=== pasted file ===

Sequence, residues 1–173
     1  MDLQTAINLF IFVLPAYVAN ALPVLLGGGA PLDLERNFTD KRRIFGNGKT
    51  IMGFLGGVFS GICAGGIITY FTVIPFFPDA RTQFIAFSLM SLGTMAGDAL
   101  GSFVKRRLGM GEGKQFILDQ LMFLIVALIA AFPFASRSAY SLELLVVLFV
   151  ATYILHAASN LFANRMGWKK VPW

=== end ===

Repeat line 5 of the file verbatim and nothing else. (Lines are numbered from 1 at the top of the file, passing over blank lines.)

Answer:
   151  ATYILHAASN LFANRMGWKK VPW